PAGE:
Eminem’s childhood home in Detroit was damaged in a fire on November 7, further scarring the vacant property pictured on the cover of the rapper’s recently released eighth album, The Marshall Mathers LP 2. According to the Detroit Free Press, the city’s fire department arrived on the scene at 6:20 p.m. on Thursday, as flames were eating away at a boarded-up, second-floor window of the two-story bungalow. Firefighters were able to put out the blaze, but not before portions of the top floor sustained damage. The Detroit Fire Department didn’t have any information as to what caused the fire.
Back in September, the house — which originally appeared on the cover of Em’s 2000 masterpiece, The Marshall Mathers LP — was listed as being owned by the Michigan Land Bank, a government program that manages empty properties across the state, including 11,000 in Detroit. Located just south of 8 Mile at 19946 Dresden Street, the single-family home was recently put up for auction, with minimum bids starting at $1. Public records indicate that Eminem’s mother, Deborah Nelson, bought the space in 1987 for $19,900. The property then changed hands 10 or so times before being foreclosed upon in 2001.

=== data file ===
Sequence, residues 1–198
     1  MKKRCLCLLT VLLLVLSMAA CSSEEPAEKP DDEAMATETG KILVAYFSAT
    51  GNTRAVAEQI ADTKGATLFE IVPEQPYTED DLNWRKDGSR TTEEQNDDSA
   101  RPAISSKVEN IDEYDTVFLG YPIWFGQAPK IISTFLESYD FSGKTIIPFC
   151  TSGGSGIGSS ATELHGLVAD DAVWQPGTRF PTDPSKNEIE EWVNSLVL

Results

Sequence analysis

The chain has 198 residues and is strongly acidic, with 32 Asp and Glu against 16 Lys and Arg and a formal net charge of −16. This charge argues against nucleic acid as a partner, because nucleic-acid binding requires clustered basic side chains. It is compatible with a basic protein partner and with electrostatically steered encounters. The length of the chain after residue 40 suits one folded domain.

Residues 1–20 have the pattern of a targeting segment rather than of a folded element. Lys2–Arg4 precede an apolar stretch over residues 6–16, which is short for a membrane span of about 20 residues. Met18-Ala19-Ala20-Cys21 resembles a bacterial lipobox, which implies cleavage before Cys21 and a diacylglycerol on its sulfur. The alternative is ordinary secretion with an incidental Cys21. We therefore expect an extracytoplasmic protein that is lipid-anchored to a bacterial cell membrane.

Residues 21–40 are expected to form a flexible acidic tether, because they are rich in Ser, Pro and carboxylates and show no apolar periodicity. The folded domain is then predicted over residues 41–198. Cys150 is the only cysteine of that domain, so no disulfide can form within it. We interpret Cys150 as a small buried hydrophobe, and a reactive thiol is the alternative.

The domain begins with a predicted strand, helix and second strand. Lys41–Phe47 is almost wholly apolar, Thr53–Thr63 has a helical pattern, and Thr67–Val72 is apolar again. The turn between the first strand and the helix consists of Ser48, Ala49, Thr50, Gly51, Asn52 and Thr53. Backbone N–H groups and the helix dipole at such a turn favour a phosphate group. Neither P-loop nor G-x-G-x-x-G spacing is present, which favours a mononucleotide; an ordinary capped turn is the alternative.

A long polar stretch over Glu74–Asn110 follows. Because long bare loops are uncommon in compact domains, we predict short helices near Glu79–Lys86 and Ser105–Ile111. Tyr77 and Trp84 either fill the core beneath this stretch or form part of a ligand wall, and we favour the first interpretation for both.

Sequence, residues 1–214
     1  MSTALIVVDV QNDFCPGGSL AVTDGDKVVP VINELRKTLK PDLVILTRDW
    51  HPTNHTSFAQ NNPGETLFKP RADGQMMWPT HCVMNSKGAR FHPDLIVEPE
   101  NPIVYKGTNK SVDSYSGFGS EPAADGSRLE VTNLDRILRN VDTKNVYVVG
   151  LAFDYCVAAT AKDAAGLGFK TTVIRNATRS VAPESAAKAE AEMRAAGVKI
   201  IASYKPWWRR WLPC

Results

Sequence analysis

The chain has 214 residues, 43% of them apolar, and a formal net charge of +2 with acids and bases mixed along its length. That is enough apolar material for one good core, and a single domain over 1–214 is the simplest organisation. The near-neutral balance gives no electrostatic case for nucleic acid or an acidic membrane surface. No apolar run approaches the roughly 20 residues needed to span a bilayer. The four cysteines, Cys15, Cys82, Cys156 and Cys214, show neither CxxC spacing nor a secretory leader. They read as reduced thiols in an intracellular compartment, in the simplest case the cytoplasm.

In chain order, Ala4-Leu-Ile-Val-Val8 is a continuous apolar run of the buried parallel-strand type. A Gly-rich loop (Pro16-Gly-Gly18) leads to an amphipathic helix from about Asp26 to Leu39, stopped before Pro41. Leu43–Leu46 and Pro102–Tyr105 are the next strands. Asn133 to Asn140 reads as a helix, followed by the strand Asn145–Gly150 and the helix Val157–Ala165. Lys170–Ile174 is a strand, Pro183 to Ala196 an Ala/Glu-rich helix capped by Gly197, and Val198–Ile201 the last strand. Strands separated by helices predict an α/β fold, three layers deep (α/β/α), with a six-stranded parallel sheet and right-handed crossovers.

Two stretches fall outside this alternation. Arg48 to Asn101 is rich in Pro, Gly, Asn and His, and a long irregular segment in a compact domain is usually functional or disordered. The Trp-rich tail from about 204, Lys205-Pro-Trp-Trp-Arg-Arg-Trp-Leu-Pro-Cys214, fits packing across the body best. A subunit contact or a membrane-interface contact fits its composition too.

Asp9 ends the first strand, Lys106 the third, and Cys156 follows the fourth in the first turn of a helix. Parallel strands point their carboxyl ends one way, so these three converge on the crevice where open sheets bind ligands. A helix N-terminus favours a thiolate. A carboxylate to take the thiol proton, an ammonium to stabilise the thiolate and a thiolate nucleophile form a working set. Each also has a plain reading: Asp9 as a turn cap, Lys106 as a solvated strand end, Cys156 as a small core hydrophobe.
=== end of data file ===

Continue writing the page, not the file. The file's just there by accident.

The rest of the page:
In a brighter bit of news for Eminem, the “Rap God” just received some high praise from the Zombies’ Rod Argent, who is very pleased with how the 41-year-old MC sampled the Zombies’ “Time of the Season” for his MMLP2 track “Rhyme and Reason.” Speaking with Rolling Stone, Argent said, “I actually loved it. I loved the way he takes words and phrases from the original record and then spins off of the particular phrases. It kicks him off onto an avalanche of funny wordplay and invention. It’s very amusing. It’s a waterfall of words, and the associations just keep coming.”
Another artist associated with Eminem’s newest full-length has also made headlines as of late. Sia, who appears on the MMLP2 Deluxe Edition bonus track “Beautiful Pain,” pledged to donate her proceeds from the track to benefit homeless LGBT youth. Sia’s announcement came after the singer-songwriter, who identifies herself as queer, was criticized for working with Eminem, who has a long history of being labeled as homophobic. A blogger with the Huffington Post tweeted at Sia on November 1, saying he was “incredibly disappointed” in her for taking part in the collaboration.
Sia quickly responded by tweeting, “I know personally that [Eminem] is not homophobic, but a performance artist. I would never work with someone I believed to be homophobic.”
Eminem has been on a media blitz in support of MMLP2 over the last few weeks, performing (and not technically lip-syncing) on Saturday Night Live, closing out the first-ever YouTube Music Awards after being crowned Artist of the Year, answering fans’ questions on SiriusXM, and getting BET to resurrect their canceled Rap City franchise for a one-night-only TV special, in which he reminded everyone that he’s pretty much the best at freestyling.